As promised, a cherry strudel was my project this week, using up some remaining local Lapin cherries which were competing for attention with five pounds of blueberries in the fridge. My first exposure to authentic strudel was on Day 3 of pastry school, when we watched in dumb-struck awe as our expert German pastry instructor stretched a handful of strudel dough into a tissue paper thin sheet which covered the workbench (about 2.5 feet by 5 feet) without a single rip or tear.
Admittedly, my strudel skills are rudimentary and this cherry and peach strudel is not traditional Austrian apple strudel; however, I was determined to practice my strudel dough stretching abilities using local summer fruit. When working with strudel dough, the goal is to pull and stretch the dough as thin as humanly possible without tearing it. How thin? Thin enough to read a newspaper through it. Using gravity to gently thin the dough by its own weight is then followed by gentle pulling and stretching action with the palm of your hand. A flour dusted linen or tea towel works well to help roll up the fruit filled strudel without having to handle the fragile dough directly.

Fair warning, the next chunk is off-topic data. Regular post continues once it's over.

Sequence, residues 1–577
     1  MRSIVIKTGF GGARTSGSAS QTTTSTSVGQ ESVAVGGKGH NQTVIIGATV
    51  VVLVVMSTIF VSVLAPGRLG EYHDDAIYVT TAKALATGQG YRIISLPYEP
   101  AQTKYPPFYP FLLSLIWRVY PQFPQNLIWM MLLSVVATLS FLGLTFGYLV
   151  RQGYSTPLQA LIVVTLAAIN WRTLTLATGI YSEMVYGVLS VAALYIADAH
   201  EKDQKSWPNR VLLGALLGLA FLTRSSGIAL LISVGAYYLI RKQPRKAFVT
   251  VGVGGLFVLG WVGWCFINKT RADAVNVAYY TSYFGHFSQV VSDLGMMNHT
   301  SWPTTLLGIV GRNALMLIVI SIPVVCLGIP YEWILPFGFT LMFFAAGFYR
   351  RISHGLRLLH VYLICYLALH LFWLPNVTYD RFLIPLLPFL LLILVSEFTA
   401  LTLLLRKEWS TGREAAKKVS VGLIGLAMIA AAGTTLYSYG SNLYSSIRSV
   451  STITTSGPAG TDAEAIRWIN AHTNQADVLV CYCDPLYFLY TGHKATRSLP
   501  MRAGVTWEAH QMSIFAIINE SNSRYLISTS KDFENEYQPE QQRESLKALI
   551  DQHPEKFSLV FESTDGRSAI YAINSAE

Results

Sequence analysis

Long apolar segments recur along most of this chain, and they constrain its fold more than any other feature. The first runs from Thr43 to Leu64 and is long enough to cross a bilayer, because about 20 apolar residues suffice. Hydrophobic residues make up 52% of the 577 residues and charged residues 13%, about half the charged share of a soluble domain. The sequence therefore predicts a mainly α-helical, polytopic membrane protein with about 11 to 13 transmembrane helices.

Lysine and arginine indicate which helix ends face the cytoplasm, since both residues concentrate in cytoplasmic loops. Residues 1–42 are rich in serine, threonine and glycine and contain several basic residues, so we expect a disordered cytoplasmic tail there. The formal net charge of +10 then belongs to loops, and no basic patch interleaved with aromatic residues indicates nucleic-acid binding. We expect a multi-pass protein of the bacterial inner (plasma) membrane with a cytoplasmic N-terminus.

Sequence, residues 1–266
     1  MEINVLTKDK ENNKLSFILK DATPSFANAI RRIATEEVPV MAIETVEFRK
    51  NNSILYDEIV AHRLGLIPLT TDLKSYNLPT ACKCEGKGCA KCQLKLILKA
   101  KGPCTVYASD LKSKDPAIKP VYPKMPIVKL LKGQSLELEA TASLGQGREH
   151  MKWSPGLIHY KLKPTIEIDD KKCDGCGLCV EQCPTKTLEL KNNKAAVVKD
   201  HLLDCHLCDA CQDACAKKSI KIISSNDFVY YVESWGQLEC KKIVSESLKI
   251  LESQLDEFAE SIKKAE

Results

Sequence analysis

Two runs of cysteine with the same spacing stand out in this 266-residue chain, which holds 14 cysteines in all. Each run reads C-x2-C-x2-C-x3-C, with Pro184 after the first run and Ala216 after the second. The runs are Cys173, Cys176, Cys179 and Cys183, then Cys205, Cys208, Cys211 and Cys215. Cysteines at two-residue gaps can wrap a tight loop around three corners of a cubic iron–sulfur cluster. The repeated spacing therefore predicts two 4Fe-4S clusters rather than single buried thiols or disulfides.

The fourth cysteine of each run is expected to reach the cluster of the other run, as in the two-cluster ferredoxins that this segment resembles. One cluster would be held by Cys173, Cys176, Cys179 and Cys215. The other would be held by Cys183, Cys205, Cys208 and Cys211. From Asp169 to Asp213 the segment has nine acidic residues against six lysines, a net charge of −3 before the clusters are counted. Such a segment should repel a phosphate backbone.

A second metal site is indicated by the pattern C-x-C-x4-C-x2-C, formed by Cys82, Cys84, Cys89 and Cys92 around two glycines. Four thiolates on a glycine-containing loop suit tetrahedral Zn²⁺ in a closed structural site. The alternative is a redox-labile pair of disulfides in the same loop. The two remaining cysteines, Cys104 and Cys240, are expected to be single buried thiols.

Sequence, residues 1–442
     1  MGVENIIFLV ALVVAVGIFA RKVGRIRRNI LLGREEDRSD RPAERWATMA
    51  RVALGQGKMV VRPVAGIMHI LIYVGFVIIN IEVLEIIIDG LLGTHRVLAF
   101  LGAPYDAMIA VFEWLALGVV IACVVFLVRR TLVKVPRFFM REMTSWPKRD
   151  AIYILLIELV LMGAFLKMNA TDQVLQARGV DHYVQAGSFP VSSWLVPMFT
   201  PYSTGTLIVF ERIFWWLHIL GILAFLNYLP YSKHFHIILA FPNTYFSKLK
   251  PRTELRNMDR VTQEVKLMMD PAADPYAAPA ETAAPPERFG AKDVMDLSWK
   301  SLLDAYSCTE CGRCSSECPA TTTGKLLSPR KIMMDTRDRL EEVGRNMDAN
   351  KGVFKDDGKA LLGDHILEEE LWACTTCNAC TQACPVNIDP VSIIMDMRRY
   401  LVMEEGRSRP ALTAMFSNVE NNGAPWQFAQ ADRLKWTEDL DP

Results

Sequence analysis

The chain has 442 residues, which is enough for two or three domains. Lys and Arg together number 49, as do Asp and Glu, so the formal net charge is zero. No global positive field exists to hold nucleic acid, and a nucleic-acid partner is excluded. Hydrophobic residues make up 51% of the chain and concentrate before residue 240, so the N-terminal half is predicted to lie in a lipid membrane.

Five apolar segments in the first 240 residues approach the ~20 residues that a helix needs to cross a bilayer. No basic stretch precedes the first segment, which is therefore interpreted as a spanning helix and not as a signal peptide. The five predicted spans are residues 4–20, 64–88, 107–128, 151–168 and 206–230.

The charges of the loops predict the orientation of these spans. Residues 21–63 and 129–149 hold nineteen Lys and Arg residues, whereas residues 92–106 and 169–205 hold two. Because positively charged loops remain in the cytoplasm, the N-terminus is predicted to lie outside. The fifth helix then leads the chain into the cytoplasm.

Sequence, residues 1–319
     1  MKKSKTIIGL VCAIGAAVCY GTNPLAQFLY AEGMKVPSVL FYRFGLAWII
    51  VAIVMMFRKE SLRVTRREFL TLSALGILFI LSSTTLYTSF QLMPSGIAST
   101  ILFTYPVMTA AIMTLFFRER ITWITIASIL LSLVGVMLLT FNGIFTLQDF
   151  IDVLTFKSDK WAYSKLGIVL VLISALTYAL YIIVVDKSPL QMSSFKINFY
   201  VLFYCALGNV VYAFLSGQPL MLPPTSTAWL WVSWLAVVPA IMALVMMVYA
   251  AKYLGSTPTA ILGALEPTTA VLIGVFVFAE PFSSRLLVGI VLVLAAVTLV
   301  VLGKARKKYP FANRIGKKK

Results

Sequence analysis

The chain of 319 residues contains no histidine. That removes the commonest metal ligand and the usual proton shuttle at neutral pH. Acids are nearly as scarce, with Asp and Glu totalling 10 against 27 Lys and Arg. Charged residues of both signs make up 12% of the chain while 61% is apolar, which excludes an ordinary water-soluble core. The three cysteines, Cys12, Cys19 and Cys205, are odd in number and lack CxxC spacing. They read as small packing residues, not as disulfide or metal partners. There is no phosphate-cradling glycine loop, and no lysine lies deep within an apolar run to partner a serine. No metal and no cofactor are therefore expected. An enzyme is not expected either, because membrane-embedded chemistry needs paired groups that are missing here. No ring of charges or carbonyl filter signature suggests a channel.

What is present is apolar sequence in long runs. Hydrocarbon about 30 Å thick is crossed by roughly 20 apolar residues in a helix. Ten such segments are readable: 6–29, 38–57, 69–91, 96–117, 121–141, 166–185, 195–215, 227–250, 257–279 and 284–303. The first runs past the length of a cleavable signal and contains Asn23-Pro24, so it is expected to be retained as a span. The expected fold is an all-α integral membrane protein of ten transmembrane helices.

I did make a few mistakes. Although my strudel dough was hole-free, I think I was too cautious and could have stretched it even thinner. Too much fruit and not enough length of dough also produced fewer layers and thus, a less flaky strudel than I had hoped for. Finally, I underbaked it for fear of overcooking the fruit and so the strudel was not as crisp as it could be. But we ate it anyways!